Yes, the minimalism trend is big now, and I’ve been embracing many of the ideas of it, too. My son came home from college and asked why the house looked so much less cluttered, so my efforts have been paying off!
After giving away several bags of clothing, both handmade and store bought, for the first time I feel like I really don’t need or want anything. I’ve also purged a lot of fabric and patterns already. As you may know, having too much fabric, patterns, and projects planned can make you feel overwhelmed and anxious , and almost guilty for not making all the things.
Now I doubt I’ll ever have a capsule wardrobe, or only 33 items of clothing like I’ve read about on some minimalist blogs. I love fabric, color, and to sew the occasional completely impractical and frivolous item. While sewing clothes is about making wearable items, it’s also a creative hobby so we can’t give ourselves too strict of rules.
Just because it’s Black Friday doesn’t mean you have to go out out and buy ten more patterns to add to your stash, because they’re on sale. If you never get around to making any of them, that’s just money wasted anyway. No use beating yourself up over it. I should know. I still have my patterns and fabrics from last Black Friday! As sewing blogs have become more and more commercial, the urge to get on that consumer treadmill to buy more unneeded fabric and patterns grows bigger for many of us with all the affiliated links and sale codes urging us to buy, buy, buy.
Where does this urge to constantly sew clothes come from, even when one doesn’t need any new clothes and has a closet full already, but still feels like they need to make new ones? I imagine it comes from the same feelings that make most non sewers feel like shopping. Instead, we sewists feel urged to sew more clothes that we don’t really need because we love to sew. Perhaps we sew at a frantic pace for the attention we get on social media, just for the love of it, or to stay busy and avoid other things in our lives, I don’t know. But sewing can feel like addictive at times, at least for me it has, and after sewing constantly for the past five years, I have to admit I feel tired from so much sewing. no . I’m not quitting because I love making clothes, but…..
….Balance is key. We sewists are carrying on with an important skill and tradition to be proud of. There’s no way we can keep up with all the ideas coming to us in this age of fast fashion, Pinterest, and the instant gratification culture. We don’t need to keep up with every fashion trend or new pattern everyone else is making.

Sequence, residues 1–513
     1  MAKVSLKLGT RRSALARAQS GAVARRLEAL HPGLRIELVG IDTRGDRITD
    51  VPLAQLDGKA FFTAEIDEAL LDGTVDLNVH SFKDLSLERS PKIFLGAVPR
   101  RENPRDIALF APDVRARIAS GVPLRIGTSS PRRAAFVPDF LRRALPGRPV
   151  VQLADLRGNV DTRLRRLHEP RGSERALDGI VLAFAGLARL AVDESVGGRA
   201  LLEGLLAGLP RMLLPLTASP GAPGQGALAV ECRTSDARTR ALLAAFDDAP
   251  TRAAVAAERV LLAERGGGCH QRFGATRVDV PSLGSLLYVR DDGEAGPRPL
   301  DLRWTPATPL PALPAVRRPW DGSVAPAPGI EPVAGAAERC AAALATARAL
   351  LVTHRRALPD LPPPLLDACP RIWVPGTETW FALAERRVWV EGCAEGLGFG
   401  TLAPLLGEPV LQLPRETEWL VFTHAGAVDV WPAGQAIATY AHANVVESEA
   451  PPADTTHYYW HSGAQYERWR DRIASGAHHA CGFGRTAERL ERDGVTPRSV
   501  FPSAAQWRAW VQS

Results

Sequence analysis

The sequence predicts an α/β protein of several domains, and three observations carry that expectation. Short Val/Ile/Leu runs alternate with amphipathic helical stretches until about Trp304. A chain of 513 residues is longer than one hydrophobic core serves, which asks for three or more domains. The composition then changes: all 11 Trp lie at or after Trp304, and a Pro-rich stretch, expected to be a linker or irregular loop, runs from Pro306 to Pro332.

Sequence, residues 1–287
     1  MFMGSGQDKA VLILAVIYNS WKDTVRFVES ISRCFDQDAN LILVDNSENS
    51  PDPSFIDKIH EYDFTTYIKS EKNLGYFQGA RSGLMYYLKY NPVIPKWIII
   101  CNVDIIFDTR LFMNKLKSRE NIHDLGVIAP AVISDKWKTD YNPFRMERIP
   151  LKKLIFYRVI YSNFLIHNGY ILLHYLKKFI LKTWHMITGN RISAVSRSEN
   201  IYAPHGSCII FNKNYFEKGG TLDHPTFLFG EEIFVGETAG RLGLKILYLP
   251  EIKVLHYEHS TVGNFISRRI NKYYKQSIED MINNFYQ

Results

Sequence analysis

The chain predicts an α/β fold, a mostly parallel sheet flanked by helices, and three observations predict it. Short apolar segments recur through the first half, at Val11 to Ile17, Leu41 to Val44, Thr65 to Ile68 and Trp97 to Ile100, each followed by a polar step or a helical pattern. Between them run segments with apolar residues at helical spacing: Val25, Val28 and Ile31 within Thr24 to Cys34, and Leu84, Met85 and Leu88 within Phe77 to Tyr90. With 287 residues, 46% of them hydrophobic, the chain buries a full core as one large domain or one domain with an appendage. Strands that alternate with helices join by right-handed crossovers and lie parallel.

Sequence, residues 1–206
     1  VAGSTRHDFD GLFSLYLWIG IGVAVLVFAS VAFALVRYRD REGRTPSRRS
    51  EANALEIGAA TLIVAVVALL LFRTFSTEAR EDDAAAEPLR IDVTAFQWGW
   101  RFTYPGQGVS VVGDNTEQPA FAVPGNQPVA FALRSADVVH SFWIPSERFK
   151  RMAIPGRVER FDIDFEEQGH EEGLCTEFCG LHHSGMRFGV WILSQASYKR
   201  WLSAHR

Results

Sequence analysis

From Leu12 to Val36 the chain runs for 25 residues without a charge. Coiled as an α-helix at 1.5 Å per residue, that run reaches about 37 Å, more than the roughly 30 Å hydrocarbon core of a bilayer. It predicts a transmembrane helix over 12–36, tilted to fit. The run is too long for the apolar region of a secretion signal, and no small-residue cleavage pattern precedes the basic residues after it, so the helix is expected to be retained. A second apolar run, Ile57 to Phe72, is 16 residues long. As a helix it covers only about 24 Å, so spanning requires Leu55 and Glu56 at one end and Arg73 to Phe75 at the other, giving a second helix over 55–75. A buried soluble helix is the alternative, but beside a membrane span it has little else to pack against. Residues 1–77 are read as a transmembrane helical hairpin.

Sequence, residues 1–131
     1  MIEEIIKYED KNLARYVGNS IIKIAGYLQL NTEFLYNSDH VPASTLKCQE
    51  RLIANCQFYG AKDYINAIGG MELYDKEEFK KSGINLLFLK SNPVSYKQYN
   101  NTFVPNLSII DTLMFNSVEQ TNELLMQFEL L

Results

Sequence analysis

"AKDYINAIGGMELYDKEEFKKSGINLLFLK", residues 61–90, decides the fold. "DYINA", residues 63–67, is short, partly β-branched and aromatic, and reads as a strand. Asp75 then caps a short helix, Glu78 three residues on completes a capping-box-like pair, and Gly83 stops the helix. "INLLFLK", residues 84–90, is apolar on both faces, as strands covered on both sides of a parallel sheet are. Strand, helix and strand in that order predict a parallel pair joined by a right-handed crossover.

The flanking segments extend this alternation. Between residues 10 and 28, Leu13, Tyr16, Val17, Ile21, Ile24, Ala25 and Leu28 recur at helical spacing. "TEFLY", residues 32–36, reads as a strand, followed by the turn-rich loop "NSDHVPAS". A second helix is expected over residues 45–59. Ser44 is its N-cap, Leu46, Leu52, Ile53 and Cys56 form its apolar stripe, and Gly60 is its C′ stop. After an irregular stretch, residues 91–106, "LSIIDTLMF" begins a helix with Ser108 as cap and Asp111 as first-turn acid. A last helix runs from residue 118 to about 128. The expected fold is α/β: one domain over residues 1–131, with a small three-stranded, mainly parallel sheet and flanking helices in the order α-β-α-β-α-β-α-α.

In 1900 US consumers spent 14 per cent of income on clothing, yet may have only purchased a few essential items. A winter coat, a Sunday suit or a special dress. Clothing was much more expensive compared to today and people had very tiny closets, as those of you living in old houses know. Today’s consumer (source) spends 4 percent of their income on clothing yet may have dozens and dozens of new purchases every year. We can’t keep up with that as sewists.
I’ve started sewing less this year, although I’ve still sewn an awful lot compared to most people. I’m no longer rushing through one or even two garments a week like I used to. I’m thinking very carefully about what to make and how it fits into my lifestyle.
Do you ever read blogs and feel almost exhausted just looking at the sheer amount of clothing bloggers make? I often wonder how some bloggers can fit in so much sewing into their lives when they have families, jobs, children, etc., It makes me think of that fairy tale with the shoemaker and the elves. I’ve received comments from some of my own readers in the past, wondering the same thing about me. The truth is, I wasn’t balancing things in my life that well back then when I was sewing all the things. You should have seen my messy house!
However, this is a sewing blog after all, and if I’m not going to sew myself things as often, what will I have to blog about? Well, I’m making a safari jacket for a magazine article due at the end of the month, and I have a few things planned for my son and husband. Actually my husband can really use some new clothes. He’s a bit eccentric about his clothes and won’t buy anything made in overseas factories. He doesn’t get new clothes very often, and has worn the two shirts I’ve made him to death. He can really use some sweatpants and I like these slim cut joggers from Burda 6719.
So how have your attitudes about sewing your wardrobes changed, if they have at all, and how do you plan to manage your sewing projects while keeping balance in your life in 2016?